I’m guessing that 30 years from now, we’ll get to something that’s economically sustainable. I hope that’s the case, but I’m not liking the way the transition is looking. I’m not liking the fact that foreign bureaus are being closed left and right and I’m also not particularly liking the fact that it seems to be that that for a lot of young journalists the model is to get past reporting and into commentary as fast as your feet will take you.

There are a couple of things that require comment: one, the notion of “real reporting” and, two, this idea of journalistic parasites.

There’s something truly, well, special about the phrase “real reporting,” and while I understand what Rauch is talking about, it still has that institutional ring that shouts of elitism and entitlement. This idea — this paradigm of separation — is what’s being challenged by the personal media revolution, and the thought that these two can co-exist is quite problematic. One is top-down; the other is bottom-up, and while their goals may be different, they both provide material for a public that has limited time.

As I’ve written before, the best the institutional press can hope for in the new world is that of conversation starter, a role for which they are ideally suited. This is a lot different than the current definition, because it begins with the assumption that the conversation will continue.

Hence, the “parasites” to which Rauch refers are actually partners in the on-going development of the story. This may not make the pros feel and warm and fuzzy, but it’s a role they’d do well to consider.

Jeff Jarvis has a fascinating post today (The Unbearable Weight of Insfrastructure) that looks back on his few days at the NAB and concludes that the infrastucture of the news business is its Achilles’ Heel. This, too, is part of the evolving professional news hegemony, and I hope we have the brains to pay attention.

If you get rid of the presses and the trucks and the broadcast towers and the headquarters buildings and the fancy equipment and the old-time stars, if you kill the infrastructure, you are left with more resources for journalism — and savings in the face of reduced revenue in a suddenly competitive marketplace — and the bottom line is a and more efficient and sustainable business.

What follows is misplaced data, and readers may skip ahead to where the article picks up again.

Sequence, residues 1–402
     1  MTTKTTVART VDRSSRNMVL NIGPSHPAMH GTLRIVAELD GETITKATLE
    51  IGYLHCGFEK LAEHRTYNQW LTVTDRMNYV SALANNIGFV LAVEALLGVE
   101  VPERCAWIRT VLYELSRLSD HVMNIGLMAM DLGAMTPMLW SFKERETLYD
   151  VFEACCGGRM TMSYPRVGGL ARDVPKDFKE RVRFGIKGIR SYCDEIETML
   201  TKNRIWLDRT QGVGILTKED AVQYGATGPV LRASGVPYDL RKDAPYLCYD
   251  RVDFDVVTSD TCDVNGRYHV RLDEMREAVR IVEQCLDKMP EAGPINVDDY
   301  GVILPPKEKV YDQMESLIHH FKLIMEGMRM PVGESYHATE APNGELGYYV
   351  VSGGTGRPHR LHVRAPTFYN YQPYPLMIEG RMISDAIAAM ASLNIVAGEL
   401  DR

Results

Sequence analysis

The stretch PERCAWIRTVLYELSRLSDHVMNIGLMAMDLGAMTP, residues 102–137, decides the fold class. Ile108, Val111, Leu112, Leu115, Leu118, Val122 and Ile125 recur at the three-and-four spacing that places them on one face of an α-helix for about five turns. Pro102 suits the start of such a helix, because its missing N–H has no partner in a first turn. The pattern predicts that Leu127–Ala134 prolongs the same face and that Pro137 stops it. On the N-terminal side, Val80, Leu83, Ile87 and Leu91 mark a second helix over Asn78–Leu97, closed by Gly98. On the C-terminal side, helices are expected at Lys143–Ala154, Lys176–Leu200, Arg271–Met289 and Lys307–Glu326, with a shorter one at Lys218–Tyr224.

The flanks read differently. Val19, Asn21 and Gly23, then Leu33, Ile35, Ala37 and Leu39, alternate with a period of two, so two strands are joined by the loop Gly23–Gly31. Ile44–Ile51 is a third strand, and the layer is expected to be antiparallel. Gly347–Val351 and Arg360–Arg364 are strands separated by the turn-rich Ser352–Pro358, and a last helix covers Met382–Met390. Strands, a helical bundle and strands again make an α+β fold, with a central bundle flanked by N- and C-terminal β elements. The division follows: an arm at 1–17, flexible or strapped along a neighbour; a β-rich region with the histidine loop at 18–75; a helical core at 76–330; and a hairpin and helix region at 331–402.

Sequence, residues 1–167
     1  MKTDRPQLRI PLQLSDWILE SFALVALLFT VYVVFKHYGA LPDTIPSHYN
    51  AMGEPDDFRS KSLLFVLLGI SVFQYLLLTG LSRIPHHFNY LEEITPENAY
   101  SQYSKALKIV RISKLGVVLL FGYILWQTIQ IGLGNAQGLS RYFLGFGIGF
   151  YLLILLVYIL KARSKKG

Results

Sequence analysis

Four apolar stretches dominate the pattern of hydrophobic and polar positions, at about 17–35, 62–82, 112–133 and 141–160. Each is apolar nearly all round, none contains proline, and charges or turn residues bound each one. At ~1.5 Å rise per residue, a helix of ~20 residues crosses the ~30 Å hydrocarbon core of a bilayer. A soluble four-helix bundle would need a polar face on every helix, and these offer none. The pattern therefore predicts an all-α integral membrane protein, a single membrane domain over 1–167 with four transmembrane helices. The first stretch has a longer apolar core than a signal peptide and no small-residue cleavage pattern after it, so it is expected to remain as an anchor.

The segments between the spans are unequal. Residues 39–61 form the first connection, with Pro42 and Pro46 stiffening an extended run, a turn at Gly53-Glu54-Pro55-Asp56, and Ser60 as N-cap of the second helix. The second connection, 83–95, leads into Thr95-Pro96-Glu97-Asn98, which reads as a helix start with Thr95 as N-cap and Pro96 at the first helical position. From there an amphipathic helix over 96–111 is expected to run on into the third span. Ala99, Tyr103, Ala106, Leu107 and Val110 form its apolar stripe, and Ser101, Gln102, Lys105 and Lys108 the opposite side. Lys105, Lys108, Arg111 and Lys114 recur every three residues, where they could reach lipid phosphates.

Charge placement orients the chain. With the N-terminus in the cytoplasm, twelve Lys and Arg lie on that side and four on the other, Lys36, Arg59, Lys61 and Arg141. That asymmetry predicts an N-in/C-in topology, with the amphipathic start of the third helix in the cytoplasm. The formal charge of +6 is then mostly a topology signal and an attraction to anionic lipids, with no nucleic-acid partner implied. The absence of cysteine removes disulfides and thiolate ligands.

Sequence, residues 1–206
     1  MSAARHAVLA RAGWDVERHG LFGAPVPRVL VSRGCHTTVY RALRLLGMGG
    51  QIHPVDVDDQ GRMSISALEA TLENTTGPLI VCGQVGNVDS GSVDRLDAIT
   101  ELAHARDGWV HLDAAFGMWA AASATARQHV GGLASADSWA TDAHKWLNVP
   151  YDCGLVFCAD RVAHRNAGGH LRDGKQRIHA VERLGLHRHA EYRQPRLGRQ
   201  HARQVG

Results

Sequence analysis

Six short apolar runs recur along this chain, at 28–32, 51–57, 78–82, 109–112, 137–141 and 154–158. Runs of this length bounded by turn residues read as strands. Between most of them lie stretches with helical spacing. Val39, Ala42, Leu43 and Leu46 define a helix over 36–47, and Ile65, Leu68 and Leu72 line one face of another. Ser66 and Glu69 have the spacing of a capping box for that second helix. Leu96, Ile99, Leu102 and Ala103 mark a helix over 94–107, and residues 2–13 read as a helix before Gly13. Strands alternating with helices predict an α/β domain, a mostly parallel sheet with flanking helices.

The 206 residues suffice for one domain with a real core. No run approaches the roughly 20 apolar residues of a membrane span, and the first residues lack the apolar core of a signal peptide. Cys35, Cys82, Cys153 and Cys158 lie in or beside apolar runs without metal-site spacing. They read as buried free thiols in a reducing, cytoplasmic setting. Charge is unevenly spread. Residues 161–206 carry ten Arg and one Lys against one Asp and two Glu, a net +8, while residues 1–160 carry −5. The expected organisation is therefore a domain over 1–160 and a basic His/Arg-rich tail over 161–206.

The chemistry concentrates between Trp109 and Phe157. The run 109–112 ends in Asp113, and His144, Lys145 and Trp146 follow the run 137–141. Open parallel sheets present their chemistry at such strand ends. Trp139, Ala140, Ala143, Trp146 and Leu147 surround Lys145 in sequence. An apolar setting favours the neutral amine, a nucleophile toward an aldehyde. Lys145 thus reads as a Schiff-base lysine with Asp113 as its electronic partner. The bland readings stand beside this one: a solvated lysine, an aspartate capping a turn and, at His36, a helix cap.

Infrastructure is the enemy of journalism.

Ah, but you say, what about editors and correspondents? If they’re vital, they’re not infrastructure. If they are not vital, then they are merely expenses and you must get rid of them.

Infrastructure is the enemy.

I realize that these are not the types of things that — as we used to say in evangelical circles — “sell a lot of tapes.” However, this is exactly the kind of medicine we need to take in order to find our place in the new world. What’s real and what isn’t? Who’s a parasite and who’s not?

It isn’t all or nothing, and it isn’t us versus them.

Messin’ with Sasquatch” delivers a lesson (and laughs)

Messin' With SasquatchPeople often gasp when I tell them that advertising is content in the Media 2.0 world. But take a look at the monthly “most-viewed” section of YouTube, and you’ll find over half are ads. This is because the advertising community is catching on that originality and creativity will put their clients in front of the eyeballs of potential customers.

Gone are the days when advertising only had to be in the right place at the right time, à la the Media 1.0 world.

This has fairly significant ramifications for television, because ads are content in an on-demand world, and sometimes that content is better than the programs that the ads support on TV.

One example is the hilarious Jack Links Original Beef Jerky “Messin’ with Sasquatch” series. Here is a company without an enormous advertising budget whose ads leave people wanting more. YouTube serves them all, and the viewership numbers are pretty stout, especially for a segment that’s internet-only (for obvious reasons) called “The Water Bowl.”

I don’t know if this stuff will sell more beef jerky, but there’s a lesson here for everybody. Advertising is content in Media 2.0.

(Also viewable at Super Deluxe and other places)

Another big challenge for the old way of doing things

There is a fascinating discussion underway via the web that has absolutely profound implications for the world of journalism. You can tune in here for the summary by Jeff Jarvis, and I won’t begin to rewrite Jeff’s excellent overview.